This book focuses on recent studies of Apulian red-figure pottery from the fourth century B.C. and on such studies' implications for understanding Italic cultures of Apulia. Material evidence suggests the indigenous culture of Apulia reached its apogee during the fourth century. The book assesses current evidence with contributions from a number of scholars writing (or translated) for an English speaking audience. The bulk of Apulian red-figure vases (with known find spots) comes from Italic sites, and the tastes of the Italic market influenced manufacturers of Apulian red-figure pottery from the beginning of production.
Following a general introduction, thirteen chapters (by different authors) are divided into five parts. Part I (Chapter 1 by A. Small and Chapter 2 by M. Lombardo) is a comprehensive overview of indigenous populations in Apulia. This informative section provides a cultural and historical framework for the studies that follow; it includes a geographical description and a political history of Apulia, as well as a brief survey of material culture, political organization, and ethnographical, literary and epigraphic evidence. There is also a short description of burials, funerary customs, grave goods and an account of indigenous alphabets. M. Lombardo adds a useful appendix of Greek and Latin sources for Apulia.
The three chapters of Part II focus on red-figure workshops associated with ancient Taranto and Metaponto. Scholars believe that the earliest South Italian red-figure potters (working in the so-called Lucanian style) were established at Metaponto in the second half of the fifth century. Their workshops influenced the subsequent development of Apulian style vases. As the authors state, the two styles (Lucanian and Apulian) continued to affect each other. Ancient Taranto is usually considered the main production center of Apulian red-figure pottery, at least until c. 330 B.C. when workshops were probably established at Italic centers such as Canosa and Ruvo. The evidence for Taranto, however, is not conclusive, particularly considering the difficulty in identifying places making red-figure pottery in the city and the primacy of the Italic market.
D. Fontannaz (Chapter 3) examines evidence at Taranto for workshops, vase functions and vase chronology, concluding that the city was indeed an important center of red-figure pottery manufacture from the second half of the fifth to the first part of the third century B.C. This is an instructive chapter. The author notes that the largest amount of South Italian red-figure pottery has been found in Taranto, although many pieces are fragments or minor vases. The author examines evidence (some unpublished) from tombs, pits, dumps and wells in necropoleis. D. Fontannaz suggests that red-figure vases were used for graves as well as daily life. Tomb functions included vases as grave markers, votives, and pots that "played a role in meals, libations or rites around the tomb." The author attempts to identify production centers, and one area in particular is seen as containing a possible workshop of red-figure pottery. Unfortunately, much of the city has not been thoroughly explored. D. Fontannaz identifies some painters and workshops, particularly those from Early Apulian styles. The author concludes that "...the adjective "Tarentine" seems ... completely justified for some of the Early Apulian hands and groups." There is much less evidence for Middle and Late Apulian styles.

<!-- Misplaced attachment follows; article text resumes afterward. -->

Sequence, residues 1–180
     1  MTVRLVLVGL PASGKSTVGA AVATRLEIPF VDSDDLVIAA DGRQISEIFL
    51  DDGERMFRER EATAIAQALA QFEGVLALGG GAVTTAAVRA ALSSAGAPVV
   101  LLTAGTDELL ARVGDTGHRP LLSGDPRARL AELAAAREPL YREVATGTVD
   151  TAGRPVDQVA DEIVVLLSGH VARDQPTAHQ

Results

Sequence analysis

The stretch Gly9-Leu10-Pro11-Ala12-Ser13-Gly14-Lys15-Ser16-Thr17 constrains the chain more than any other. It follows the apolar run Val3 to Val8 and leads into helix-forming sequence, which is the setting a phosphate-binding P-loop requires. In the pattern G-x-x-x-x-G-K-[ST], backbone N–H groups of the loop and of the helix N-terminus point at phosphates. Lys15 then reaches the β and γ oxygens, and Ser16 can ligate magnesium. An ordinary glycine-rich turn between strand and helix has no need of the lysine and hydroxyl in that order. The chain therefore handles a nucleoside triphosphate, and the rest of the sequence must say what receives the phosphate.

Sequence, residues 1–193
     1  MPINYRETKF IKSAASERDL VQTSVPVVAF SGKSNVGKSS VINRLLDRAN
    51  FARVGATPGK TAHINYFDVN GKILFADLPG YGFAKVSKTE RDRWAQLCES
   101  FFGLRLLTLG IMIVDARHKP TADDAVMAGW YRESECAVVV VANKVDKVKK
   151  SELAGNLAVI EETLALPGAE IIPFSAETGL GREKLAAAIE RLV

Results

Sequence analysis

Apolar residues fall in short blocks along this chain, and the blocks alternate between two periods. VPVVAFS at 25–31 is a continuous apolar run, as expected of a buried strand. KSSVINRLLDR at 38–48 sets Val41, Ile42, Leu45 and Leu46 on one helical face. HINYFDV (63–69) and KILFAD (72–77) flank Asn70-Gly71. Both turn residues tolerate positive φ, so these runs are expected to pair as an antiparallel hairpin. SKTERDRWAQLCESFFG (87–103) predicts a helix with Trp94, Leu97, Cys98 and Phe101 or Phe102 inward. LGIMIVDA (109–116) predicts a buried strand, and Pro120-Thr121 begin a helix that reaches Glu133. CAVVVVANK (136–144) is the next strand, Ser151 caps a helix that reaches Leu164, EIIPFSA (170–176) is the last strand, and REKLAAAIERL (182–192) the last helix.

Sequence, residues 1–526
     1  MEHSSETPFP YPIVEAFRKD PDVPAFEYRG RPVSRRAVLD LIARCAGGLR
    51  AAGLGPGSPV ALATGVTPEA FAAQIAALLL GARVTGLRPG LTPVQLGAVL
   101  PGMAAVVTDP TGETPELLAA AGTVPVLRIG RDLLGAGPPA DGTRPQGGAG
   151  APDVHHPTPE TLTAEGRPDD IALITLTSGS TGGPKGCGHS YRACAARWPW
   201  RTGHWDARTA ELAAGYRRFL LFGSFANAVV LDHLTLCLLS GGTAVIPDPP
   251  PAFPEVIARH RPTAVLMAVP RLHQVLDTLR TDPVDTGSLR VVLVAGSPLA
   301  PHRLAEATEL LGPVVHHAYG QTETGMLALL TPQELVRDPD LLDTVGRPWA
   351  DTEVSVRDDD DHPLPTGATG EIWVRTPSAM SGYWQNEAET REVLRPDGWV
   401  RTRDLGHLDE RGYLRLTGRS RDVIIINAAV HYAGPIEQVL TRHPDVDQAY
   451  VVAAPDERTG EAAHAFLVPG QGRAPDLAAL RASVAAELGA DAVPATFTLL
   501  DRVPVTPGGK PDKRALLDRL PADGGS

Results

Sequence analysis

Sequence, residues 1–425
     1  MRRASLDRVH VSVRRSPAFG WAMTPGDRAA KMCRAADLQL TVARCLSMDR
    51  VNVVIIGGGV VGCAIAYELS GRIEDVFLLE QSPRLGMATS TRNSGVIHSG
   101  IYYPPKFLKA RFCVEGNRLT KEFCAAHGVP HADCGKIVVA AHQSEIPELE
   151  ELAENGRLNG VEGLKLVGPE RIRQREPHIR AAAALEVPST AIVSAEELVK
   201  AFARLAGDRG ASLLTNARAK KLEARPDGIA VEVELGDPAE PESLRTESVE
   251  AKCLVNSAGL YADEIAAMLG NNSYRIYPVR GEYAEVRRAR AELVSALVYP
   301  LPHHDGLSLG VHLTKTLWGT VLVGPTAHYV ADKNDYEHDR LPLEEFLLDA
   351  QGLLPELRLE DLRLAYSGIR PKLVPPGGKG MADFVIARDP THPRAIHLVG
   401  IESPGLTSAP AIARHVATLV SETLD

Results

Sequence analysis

In the next two chapters (4 and 5), F. Silvestrelli and M. Denoyelle examine Lucanian red-figure vases. Apulia has yielded Lucanian vases dated throughout the first quarter of the fourth century, after which Apulian becomes the main fabric. In their studies, the two authors note a close relationship between Lucanian and Apulian wares. F. Silvestrelli analyzes red-figure vases from Metapontine coastal necropoleis, identifying many Lucanian painters and discussing a number of vase scenes. The study indicates that red-figure pottery was made for both local (Metapontine) and Italic markets. M. Denoyelle's chapter (5) is a study of the Amykos Painter and his workshop; many of these products have been found in Apulia.
Part III concentrates on Apulian red-figure vases from Italic sites. Chapters 6 and 7 are studies of red-figure pottery from the area of Peucetia in central Apulia. A. Riccardi's study (Chapter 6) analyzes pottery from sites along the coast. The author discusses red-figure vases found in tombs (some attributed to known painters) as well as tomb assemblages. In Chapter 7, A. Ciancio examines Middle and Late Apulian vases from tombs and funeral assemblages at three necropoleis. Her study indicates that in the second half of the fourth century there was an increased demand for low to medium quality figured pottery resulting in serial production. Vases made for elites, however, are found at only certain places.
Chapter 8 (by M. Corrente) presents an in-depth analysis of three hypogeal tombs from Canosa dated to the second quarter of the fourth century. Funeral assemblages suggest that the deceased participated in rites of communal feasting and drinking or imply the deceased was part of a particular social group. Assemblages are similar for both female and male burials and were possibly utilized for the same purpose. The author’s research indicates that Early and Middle Apulian red-figure vases were widespread and there was some affluence among the population. This changes in the second half of the fourth with the ascent of a few elite families. M. Giannotta (Chapter 9) analyzes red-figure vases from Messapia (southern Apulia). Most red-figure pottery from this region comes from grave sites, and evidence is marshaled from published material and vases in Salentine museums. The author provides a study of the distribution of red-figure vases in the fourth century, according to proveniences, numbers and shapes. Many graves contained few grave goods, but throughout the century some monumental tombs with rich furnishings existed for the elite. The important sites of Vaste, Egnazia and Rudiae are discussed, with examination of vase shapes, painters, and noteworthy scenes. Rudiae was a particularly important place for red-figure pottery, and the author suggests it may have been a production center.